Fully qualified nurse

Congratulations Nicholas (Nick) James Allfrey who became a fully qualified nurse in December. Nick left school at the age of 16 and worked for two-years. He was happy with what he was doing but wanted a career, and asked us if it would be ok if he went back to study and tried to get a nursing degree, we said, go for it.

He took pre-med for three months applied to nursing school and was accepted.

He has worked hard for three years studying and going to different placements in hospitals and out into the community, even venturing to Kenya as a volunteer nurse, with wonderful feedback from everyone he came in contact with.

Nā Donna Allfreg.

Proud father Lex with his son Nicholas James Allfrey.

Ōmāui whale stranding

A 8m rare female arnux’s beaked whale, (berardius arnuxi) stranded itself at Ōmāui on Saturday 20 January. This species is common around the southern hemisphere, but it is largely oceanic and mostly lives far from land. Rūnanga members, Department of Conservation (DOC) members and the local community worked tirelessly to re-float the whale.

Rescuers working tirelessly to re-float the stranded whale.

Sandbags were filled to prop the whale up, a local farmer dug a trench, continuously keeping the flipper clear, team work was required when the rollers came in to prevent the whale from being plummeted like a tumble weed (a scary sight to see a two-tonne whale being thrown around). The volunteers were aware their own safety was at risk and as a team they watched each other’s backs.

At precisely high tide a pod of whales appeared to be waiting offshore, the stranded whale began to communicate via sonic clicking, and with a final thrash of strength she returned to Tangaroa. After four hours in the water the adrenalin-filled rescuers enjoyed a hot drink and kai, finally met each other and happily headed home tired but inspired by their efforts.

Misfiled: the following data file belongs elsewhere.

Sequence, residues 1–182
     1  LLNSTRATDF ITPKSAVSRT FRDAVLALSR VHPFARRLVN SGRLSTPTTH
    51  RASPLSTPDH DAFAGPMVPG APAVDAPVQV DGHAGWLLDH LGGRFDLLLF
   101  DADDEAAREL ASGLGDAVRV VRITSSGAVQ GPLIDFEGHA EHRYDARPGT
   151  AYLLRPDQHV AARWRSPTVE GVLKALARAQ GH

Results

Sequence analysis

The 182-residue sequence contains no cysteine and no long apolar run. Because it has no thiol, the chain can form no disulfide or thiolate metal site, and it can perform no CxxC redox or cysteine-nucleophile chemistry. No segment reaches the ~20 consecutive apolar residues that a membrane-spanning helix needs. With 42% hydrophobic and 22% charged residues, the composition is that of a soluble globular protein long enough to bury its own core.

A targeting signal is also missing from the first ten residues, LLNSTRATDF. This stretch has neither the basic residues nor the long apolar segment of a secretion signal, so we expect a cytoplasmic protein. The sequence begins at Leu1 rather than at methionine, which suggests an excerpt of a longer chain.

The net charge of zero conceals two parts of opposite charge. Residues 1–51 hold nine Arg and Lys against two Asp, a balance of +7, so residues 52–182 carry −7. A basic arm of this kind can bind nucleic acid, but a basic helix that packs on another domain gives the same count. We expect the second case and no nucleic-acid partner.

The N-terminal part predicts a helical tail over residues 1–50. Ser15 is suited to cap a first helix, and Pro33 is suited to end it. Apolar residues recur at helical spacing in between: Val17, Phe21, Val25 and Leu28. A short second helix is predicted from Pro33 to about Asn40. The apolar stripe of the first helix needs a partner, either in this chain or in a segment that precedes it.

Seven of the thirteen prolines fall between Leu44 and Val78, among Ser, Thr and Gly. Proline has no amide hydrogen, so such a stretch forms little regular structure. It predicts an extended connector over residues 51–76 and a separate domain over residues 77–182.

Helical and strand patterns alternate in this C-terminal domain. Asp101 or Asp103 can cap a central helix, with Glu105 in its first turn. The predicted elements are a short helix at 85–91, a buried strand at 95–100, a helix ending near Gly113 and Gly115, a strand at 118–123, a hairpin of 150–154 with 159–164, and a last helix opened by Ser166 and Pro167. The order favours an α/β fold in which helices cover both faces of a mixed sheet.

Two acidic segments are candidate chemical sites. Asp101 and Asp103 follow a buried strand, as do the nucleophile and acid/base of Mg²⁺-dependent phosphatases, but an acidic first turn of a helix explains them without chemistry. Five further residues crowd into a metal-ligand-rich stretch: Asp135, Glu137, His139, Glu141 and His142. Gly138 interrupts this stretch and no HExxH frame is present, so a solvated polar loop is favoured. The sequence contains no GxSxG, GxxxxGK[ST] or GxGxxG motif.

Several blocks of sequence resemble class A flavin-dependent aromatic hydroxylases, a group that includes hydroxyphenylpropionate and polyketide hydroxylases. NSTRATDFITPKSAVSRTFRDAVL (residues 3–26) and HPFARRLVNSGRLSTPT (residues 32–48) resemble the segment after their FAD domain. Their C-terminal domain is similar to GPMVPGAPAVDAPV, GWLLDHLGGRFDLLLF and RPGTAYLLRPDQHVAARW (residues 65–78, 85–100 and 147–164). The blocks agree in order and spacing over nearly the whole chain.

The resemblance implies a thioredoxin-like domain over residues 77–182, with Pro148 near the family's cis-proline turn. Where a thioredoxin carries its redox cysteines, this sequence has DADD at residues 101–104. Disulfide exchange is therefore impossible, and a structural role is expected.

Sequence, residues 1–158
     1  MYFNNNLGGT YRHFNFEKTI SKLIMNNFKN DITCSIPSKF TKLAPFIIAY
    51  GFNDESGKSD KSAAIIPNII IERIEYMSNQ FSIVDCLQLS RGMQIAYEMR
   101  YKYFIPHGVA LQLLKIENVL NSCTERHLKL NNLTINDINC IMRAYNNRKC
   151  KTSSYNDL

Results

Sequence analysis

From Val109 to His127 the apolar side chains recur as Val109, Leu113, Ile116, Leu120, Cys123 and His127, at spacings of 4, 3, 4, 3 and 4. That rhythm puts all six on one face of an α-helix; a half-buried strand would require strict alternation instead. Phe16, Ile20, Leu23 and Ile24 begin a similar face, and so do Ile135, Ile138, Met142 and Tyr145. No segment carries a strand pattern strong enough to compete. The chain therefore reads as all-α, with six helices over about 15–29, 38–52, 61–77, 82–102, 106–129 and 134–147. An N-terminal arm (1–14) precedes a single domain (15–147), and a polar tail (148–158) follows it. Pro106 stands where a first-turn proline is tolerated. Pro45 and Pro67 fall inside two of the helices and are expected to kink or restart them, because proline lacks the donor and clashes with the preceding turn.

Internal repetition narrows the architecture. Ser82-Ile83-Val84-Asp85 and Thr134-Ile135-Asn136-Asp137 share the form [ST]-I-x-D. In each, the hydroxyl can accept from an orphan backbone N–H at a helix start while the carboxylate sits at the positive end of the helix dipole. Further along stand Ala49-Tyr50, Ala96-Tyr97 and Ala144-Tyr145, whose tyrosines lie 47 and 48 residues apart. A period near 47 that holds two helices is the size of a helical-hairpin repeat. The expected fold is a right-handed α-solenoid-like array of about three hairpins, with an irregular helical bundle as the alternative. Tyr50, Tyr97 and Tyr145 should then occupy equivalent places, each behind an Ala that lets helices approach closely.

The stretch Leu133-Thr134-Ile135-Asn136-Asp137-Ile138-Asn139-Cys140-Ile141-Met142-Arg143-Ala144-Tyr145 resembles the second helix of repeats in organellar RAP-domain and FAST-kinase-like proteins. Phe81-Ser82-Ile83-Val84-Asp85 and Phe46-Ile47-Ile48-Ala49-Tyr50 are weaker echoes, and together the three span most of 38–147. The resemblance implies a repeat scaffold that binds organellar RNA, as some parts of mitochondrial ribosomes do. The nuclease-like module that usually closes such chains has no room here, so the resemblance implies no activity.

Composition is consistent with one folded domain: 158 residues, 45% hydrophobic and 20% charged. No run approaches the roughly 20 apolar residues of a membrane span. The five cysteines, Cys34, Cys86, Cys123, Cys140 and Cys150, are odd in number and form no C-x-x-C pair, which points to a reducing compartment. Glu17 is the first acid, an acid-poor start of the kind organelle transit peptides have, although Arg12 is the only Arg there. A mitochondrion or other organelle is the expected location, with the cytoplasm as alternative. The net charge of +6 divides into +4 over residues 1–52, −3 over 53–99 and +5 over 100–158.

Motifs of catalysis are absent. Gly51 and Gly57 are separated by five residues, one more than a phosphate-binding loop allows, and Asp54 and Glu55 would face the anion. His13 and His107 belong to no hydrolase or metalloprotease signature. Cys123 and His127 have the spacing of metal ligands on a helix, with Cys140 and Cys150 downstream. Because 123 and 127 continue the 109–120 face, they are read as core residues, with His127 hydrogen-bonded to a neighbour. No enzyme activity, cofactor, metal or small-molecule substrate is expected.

Unfortunately success was short lived, two hours later DOC were advised the whale had beached again in a less accessible rocky area. At this point it was established the whale was distressed and suffering too much to survive a second rescue attempt on the next tide 10 hours later. The hard decision was made to euthanise the whale and end its suffering. The following day DOC were notified a second whale had beached straight opposite the Ōmāui whale at Sandy Point. This whale was also euthanised While the outcome was not ideal, the experience has left two Awarua members inspired and keen to attend future whale stranding hui.

Rangatahi mentoring wānanga
A series of outdoor youth mentoring wānanga will be held throughout 2013 in the school holidays to build cultural capacity and life skills of our Ngāi Tahu rangatahi. These wānanga will start and finish at Te Rau Aroha Marae in Bluff. Camps shall take place in Te Akai Tai Tonga (Catlins) over a period of four days. If you are aged between twelve and seventeen we would love to hear from you now! Sounds like you!! Give Steph a call or an email after 5pm weekdays.

Steph Blair
Awarua Rūnanga
027 281 5708
[email protected]